Are we better off for having the CAN-SPAM law in effect? At best, marginally so. But no law could have stopped the real spam problem that inundates us today and promises to get ever-worse.
CAN-SPAM (Controlling the Assault of Non-Solicited Pornography and Marketing)
2003 was controversial from the start. I think it's fair to say that nobody thought
it would solve the spam problem, but many (such
as this guy
) thought it could help.
Has it solved the spam problem? No, of course not. Has it helped? Yes,
It has helped in two ways: First, there have been a few prosecutions under
the law, basically of high-profile spammers who were also being prosecuted
under other fraud-type offenses. CAN-SPAM is, in such cases, at least some
leverage for prosecutors. But that's a very small benefit.
The other big thing that CAN-SPAM did was to set rules for
businesses to follow in order to do mass-mailings
. These were the most
controversial part of CAN-SPAM because they were opt-out instead of opt-in.
This is why critics said, and continue to say, CAN-SPAM "legalized
spam." But it did also require that those businesses make opt-out
provisions explicit in communications and to observe them, and this is an
improvement over the past.
Many will say (and yes, I have seen your complaints) that some businesses
don't follow through on these opt-out requests, but the real spam problem was
never this sort of business. The spammers sending the overwhelming majority of
the spam out there are not even pretending to comply with these laws.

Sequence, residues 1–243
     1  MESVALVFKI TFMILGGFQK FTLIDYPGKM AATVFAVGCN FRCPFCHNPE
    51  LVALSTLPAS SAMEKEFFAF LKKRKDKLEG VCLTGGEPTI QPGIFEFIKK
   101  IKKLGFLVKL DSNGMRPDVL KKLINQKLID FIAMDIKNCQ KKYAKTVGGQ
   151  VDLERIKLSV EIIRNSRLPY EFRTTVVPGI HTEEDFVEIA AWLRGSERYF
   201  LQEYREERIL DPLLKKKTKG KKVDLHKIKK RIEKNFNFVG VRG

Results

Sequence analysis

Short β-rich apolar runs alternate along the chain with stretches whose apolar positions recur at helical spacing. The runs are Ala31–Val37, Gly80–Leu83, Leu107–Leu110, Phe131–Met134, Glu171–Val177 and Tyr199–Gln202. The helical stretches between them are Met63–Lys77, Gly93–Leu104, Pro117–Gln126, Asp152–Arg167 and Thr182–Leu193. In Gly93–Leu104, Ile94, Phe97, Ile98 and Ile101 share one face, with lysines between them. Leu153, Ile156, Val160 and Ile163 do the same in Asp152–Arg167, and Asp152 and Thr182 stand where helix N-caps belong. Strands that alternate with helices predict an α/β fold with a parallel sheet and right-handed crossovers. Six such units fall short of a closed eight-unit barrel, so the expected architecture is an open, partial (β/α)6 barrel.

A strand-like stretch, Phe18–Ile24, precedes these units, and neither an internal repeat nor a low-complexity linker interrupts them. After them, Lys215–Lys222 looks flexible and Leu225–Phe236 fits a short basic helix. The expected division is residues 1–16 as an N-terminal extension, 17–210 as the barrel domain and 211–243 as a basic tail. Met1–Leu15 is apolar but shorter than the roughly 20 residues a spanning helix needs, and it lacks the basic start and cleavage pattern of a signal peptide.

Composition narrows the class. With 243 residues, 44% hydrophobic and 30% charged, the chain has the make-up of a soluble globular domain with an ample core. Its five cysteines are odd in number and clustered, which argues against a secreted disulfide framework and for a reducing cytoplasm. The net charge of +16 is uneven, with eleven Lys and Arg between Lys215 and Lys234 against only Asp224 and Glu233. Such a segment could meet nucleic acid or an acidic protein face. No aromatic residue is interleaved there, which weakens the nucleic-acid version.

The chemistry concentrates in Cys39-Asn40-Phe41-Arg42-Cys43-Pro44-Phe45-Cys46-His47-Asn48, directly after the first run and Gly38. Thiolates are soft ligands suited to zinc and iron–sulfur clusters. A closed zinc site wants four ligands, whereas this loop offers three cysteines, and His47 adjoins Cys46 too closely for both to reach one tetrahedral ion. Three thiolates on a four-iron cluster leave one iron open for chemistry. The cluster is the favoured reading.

So what can be done? I spoke with Greg Shapiro, CTO
, the prototypical mail
server company. He advocates for sender authentication and domain reputation
checks. I've been on this bandwagon for years, although my recent
realization that Webmail-based spam undermines it
has dimmed my enthusiasm,
and Shapiro acknowledges these problems. They need to be addressed through
proper network etiquette, which means that ISPs and other mail providers,
including Webmail providers, need to rigorously monitor outbound mail through
filters and network pattern analysis to look for spamming behavior before it
leaves their network.
These aren't perfect measures by any means, not that I have better
suggestions. In fact, I assume that Webmail providers are doing what they can
now to enforce "network etiquette" within the bounds of cost and
other considerations. The real problem they have is that their CAPTCHA tests
for account signup can be hacked and scripted so that attackers can create
enough accounts to live within the bounds of network etiquette.
Years ago I
even toyed with the idea of replacing SMTP altogether
and dismissed the
idea as impossible, no matter how great the benefit. Now it seems that the benefit
wouldn't be so great after all. (Good thing they didn't listen to me ...)